Rendez-vous Houston: A City in Concert was a live performance by musician Jean Michel Jarre amidst the skyscrapers of downtown Houston on the evening of April 5, 1986, coinciding with the release of the Rendez-Vous album. For a period of time, it held a place in the Guinness Book of Records as the largest outdoor “rock concert” in history, with figures varying from 1 to 1.5 million in attendance. Rendez-vous Houston is remembered for being the concert which celebrated the astronauts of the Space Shuttle Challenger disaster, which had happened only two and a half months earlier. One of Jarre’s friends, astronaut Ron McNair, had been killed in the disaster. He was supposed to play the saxophone from space during the track “Last Rendez-Vous”; his substitute for the concert was Houston native Kirk Whalum.
TRACKLIST VIDEO CONCERT:
Souvenir of China
Laser Harp (Rendez-vous 3)
Planning and problems of the concert
In 1985, Jarre was contacted by the musical director of the Houston Grand Opera with the proposal for him related to the celebrations of Texas’ 150th birthday in 1986, 150th birthday of the city of Houston and NASA’s 25th birthday. Because of NASA’s involvement, Jarre got the chance to keep in contact with a friend of his, astronaut captain Bruce McCandless II who later introduced Jarre to a flight companion of his, astronaut and jazz musician Ron McNair. Together they had the idea that for the celebrations, Jarre would create a piece of music that could be performed by McNair on his saxophone. The idea was that McNair, on his next trip into space in the Challenger Space Shuttle, would perform and record onto video the new piece of music, which would then be projected through video playback onto a giant screen that was to be constructed on the front of one of the buildings.
On January 28, 1986, McNair telephoned Jarre for the last time. “…Everything’s ready. See you in a week’s time. Watch me on TV for the takeoff!” Later that day, the Challenger Space Shuttle disintegrated in mid-air while on its ascent into space, killing McNair and the other six crew members onboard. Distraught by what had happened, Jarre almost decided to cancel the concert. However, astronauts from NASA (including Bruce McCandless) telephoned Jarre. They asked Jarre not to cancel the concert, and hold it in tribute to pay respect to the astronauts who had lost their lives in the disaster.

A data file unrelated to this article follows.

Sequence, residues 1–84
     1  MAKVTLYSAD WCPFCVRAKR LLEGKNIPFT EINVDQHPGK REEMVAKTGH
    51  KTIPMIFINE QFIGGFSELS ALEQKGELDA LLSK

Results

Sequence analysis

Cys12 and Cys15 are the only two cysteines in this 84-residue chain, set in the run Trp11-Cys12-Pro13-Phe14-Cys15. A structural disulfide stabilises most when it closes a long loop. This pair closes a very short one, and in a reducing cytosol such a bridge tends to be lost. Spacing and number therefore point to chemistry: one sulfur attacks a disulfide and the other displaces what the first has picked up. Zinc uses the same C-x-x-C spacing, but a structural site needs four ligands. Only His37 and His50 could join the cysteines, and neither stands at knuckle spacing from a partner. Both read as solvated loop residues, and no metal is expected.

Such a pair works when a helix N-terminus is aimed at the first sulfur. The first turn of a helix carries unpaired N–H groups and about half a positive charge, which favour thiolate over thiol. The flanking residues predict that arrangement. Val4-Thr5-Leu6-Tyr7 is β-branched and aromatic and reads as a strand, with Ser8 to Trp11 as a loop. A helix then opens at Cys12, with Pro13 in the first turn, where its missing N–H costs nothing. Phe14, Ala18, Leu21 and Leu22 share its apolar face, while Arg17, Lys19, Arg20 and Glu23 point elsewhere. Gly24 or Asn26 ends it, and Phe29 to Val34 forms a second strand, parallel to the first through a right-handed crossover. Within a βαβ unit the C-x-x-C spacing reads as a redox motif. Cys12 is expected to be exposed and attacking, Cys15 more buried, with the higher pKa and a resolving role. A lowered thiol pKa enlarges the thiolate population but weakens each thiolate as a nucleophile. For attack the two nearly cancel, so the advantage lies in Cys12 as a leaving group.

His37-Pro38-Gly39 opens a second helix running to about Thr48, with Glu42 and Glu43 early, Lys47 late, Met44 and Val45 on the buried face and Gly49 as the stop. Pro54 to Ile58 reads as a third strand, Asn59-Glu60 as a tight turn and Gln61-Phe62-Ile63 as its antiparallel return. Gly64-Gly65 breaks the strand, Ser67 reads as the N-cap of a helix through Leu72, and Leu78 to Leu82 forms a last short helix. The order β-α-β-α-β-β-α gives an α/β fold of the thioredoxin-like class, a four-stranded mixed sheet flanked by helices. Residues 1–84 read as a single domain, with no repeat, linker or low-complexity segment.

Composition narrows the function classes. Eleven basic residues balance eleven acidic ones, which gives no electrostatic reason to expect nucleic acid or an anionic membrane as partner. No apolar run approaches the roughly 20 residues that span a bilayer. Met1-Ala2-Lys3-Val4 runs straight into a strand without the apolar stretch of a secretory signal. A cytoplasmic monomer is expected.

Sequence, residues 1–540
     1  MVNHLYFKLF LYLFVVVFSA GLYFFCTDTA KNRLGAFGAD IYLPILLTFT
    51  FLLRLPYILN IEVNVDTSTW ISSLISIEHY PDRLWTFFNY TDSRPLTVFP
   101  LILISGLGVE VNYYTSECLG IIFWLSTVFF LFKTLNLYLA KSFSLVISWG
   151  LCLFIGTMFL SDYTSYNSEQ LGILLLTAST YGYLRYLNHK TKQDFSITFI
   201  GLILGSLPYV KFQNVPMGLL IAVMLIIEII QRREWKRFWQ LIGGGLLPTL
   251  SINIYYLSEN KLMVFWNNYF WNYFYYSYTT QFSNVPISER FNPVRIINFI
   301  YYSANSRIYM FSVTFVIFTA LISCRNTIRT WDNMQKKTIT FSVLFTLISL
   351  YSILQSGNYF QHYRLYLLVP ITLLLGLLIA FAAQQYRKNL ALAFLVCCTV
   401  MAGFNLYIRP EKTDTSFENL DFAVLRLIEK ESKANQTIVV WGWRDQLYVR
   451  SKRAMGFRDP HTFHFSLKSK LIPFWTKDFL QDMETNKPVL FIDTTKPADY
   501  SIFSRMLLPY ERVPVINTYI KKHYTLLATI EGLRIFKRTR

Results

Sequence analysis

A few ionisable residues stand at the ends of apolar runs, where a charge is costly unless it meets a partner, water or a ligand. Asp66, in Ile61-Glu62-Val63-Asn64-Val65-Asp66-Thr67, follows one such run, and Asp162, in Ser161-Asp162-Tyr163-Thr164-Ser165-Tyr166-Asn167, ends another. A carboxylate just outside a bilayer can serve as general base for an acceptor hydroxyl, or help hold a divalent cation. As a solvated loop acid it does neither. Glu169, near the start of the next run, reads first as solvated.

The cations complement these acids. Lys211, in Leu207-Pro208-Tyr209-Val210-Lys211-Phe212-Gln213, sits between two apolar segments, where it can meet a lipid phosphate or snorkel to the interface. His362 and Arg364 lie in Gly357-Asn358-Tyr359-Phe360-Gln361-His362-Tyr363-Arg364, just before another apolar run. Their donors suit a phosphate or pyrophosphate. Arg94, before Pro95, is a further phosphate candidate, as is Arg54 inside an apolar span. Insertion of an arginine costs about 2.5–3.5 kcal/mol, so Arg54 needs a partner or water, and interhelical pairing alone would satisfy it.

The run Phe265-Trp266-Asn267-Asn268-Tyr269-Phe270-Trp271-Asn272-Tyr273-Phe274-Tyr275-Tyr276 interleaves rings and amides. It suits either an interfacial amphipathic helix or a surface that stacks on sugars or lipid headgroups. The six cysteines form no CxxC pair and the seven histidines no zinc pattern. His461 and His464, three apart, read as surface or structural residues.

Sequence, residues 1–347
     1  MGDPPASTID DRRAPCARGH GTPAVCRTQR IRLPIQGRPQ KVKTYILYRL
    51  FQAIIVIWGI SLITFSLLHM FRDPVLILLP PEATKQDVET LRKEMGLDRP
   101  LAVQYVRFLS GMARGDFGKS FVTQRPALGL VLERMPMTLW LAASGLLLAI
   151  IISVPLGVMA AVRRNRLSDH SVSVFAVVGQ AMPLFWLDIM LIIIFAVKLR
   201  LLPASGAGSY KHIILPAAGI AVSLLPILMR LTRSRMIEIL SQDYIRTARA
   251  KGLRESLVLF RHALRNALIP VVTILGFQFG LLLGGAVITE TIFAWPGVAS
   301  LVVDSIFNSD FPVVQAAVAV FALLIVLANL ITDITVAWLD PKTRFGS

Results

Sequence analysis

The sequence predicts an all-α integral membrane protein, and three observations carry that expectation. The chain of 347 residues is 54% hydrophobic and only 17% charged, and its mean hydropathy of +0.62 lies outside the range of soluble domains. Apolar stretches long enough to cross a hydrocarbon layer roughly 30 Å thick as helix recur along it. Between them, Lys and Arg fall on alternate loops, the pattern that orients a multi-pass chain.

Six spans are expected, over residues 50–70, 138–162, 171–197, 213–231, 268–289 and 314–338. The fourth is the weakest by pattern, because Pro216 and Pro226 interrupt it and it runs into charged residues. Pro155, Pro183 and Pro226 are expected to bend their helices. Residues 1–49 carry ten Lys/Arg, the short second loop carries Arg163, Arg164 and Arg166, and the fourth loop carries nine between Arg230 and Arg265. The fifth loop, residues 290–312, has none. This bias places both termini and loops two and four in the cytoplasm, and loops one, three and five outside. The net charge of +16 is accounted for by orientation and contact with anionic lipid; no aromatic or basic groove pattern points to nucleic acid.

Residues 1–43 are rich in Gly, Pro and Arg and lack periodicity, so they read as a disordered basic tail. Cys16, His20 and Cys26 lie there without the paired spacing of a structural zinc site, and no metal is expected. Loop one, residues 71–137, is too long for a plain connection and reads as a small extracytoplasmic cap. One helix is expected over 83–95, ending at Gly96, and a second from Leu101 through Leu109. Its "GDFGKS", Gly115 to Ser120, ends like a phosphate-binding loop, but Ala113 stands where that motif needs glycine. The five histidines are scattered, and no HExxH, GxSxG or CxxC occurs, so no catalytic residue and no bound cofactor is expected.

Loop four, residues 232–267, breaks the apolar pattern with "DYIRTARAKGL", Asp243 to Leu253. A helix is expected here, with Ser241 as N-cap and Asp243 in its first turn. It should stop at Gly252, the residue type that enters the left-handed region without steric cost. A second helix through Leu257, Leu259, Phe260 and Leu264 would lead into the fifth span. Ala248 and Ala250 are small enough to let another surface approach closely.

The run-up to the concert itself still did not go smoothly. Rain poured down on Houston a couple of days before the concert, destroying much of the equipment on stage (which was repaired by the day of the concert), breaking wires and ruining instruments. Furthermore, there had been a very strong wind blowing all week, which ended up splitting open the giant projection screen (which was made from several small canvas panels) and causing it to come crashing down.
The local police turned up during the middle of a rehearsal demanding immediate payment of a fine; the residents who lived nearby were complaining of excessive noise and were exhausted from their sleepless nights. Also, FBI officers threatened to put a stop to the whole proceedings because they were being deprived of electricity. thirty large lamps had been installed on top of FBI headquarters, and they were causing problems with their surveillance of Colonel Gaddafi, who was visiting the city at that time.
There was still one more slight problem before the concert started. The chief of the Houston Fire Department, Robert Clayton, had told Francis Dreyfus, Jarre’s manager, that the show must be cancelled. This was due to a change of the wind direction; the Chief was concerned that the crowd would be showered with firework debris. After some back-and-forth argument with Dreyfus, Clayton agreed that the concert could proceed on a ‘see how it goes’ term.
During the concert (specifically, during the performance of “Equinoxe Part 5”, from Equinoxe), the amount of fireworks being used and the direction of the wind did indeed cause debris to rain down on the audience, covering them in ash. Clayton frantically began to try to stop the proceedings, fearing that people would be injured. Although his fears were duly noted, the crowd took no notice of the ash falling onto them and carried on enjoying the concert proceedings.
Video and Audio Release
A 52 minute TV edit of the concert was produced for broadcast, later released on VHS tape. Only around 35 minutes (7 tracks) from the concert are included in the film, with the first 15 minutes consisting of documentary footage with background music of other tracks from the concert. No further video releases from the concert have taken place since. Two tracks from Houston appear on the live album, “Equinoxe Part 5” and “Equinoxe Part 7” (1997 edition only). The full radio broadcast from the concert is available on YouTube (as here down below), as are various audience camcorder recordings of the concert